In a chance discovery, researchers have for the first time observed the emergence of something akin to metabolism in molecules that also self-replicate. The replicator molecules catalyse a reaction that produces compounds that help to make the replicator’s own building blocks. It might be one of the most lifelike chemical systems ever created, combining two of life’s three essential features – replication, metabolism and compartmentalisation.
‘What it can teach us is that those functions that we see in living systems, they are not unique to life as we know it,’ says origin of life scientist Kamila Muchowska from the University of Strasbourg, France, who wasn’t involved in the work…
Systems that either replicate or perform metabolism-like reactions have existed before, and some can even switch from one function to the other upon addition of chemicals or environmental changes. But a team around Sijbren Otto from the University of Groningen in the Netherlands has now created molecules that do both at the same time.Katrina Krämer, “Self-replicating molecules show signs of metabolism for the first time” at Chemistry World
Paper 1. (paywall)
Paper 2. (paywall)
They use quite a generous definition of “self replicator”. It has nothing to do with replication of biopolymers in life, yet they intend for the work to be encouraging to abiogenesis. Here are a few of the serious limitations for the application of this to abiogenesis:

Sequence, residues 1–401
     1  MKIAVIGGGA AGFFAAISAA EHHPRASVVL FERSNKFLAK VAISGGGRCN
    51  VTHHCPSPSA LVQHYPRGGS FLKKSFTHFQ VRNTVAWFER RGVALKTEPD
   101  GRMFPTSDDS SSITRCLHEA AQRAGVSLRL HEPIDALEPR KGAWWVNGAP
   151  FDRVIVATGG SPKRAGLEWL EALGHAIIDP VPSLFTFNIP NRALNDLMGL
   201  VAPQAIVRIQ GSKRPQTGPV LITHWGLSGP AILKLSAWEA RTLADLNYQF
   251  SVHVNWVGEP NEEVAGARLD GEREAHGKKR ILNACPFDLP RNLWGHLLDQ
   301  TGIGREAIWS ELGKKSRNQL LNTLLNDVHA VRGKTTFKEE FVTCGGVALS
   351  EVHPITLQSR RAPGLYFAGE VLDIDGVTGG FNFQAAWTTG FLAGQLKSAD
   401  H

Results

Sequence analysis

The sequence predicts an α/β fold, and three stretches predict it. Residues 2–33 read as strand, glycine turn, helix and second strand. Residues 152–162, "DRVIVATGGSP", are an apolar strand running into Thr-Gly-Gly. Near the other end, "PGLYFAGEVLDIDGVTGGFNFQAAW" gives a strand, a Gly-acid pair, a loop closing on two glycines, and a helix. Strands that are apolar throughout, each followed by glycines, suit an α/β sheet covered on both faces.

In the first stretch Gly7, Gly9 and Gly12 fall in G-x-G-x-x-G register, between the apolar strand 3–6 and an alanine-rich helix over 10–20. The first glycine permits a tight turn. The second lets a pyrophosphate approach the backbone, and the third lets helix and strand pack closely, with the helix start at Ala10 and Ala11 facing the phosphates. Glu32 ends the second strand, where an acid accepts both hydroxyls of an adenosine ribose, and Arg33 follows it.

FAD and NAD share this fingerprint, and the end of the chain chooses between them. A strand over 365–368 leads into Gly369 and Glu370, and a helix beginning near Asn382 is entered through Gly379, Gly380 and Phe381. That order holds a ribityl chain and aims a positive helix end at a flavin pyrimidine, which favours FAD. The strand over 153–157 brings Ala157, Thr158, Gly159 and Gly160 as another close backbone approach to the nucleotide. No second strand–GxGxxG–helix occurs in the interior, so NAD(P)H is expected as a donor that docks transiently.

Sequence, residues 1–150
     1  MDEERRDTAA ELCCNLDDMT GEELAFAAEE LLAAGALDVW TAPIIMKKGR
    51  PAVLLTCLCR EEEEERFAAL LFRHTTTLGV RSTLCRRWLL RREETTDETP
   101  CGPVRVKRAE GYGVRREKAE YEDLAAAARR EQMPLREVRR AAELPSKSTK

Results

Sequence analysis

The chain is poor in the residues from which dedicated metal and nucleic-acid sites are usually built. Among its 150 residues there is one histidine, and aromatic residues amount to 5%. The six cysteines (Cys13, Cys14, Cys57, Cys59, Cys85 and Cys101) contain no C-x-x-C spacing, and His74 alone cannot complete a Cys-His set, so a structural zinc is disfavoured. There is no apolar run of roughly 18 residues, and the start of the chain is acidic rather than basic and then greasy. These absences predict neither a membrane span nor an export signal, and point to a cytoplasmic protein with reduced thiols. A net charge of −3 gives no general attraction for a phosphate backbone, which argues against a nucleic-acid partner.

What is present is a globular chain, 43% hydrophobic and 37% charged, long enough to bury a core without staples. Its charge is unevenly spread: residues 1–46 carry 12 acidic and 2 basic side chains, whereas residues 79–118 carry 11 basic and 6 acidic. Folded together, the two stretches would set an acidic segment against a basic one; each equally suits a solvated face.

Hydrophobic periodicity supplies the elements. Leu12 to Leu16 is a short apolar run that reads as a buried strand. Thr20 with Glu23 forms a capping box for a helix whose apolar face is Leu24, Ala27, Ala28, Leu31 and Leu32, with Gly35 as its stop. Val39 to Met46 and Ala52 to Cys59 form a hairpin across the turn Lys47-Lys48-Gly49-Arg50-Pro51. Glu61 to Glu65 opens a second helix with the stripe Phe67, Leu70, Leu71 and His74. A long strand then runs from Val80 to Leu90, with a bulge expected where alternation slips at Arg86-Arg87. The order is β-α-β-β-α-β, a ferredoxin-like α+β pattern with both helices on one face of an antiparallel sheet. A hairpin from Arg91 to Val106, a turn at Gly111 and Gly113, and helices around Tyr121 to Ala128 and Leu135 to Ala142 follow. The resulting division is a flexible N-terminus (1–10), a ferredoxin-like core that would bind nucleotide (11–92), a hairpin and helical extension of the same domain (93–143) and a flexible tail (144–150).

1) The starting monomers are purified, concentrated, homochiral molecules purchased from a synthetic peptide lab. Certainly not prebiotically plausible.
2) the starting monomers have no relation to any biopolymer known in life – they are short polypeptides connected to a benzene dithiol.
3) the starting monomers do not covalently bond to create a polymer (as in life); they merely afinitize to form a macromolecular structure. Mechanical perturbation breaks the growing macromolecule to allow for an increased number of nucleation sites that subsequently grow. This is called “self-replication”. It is closer to crystal growth than to replication of any biopolymer.
4) The system is not capable of molecular evolution because any “replication errors” that could convey a benefit would not be passed on to “daughter” molecules (i.e., no “information” could be “passed down” from “generation to generation”).
The novelty in this paper is that they found catalytic abilities created by the macromolecular structure that could enhance the growth rate of this macromolecule.
So, it is entirely distinct from life, but intended to demonstrate one principle that is required for abiogenesis.
The fact that it is recognized as a meaningful contribution is a testimony to the desperation to show progress—it stands out only because no meaningful progress can be made in any direction that is actually relevant to life.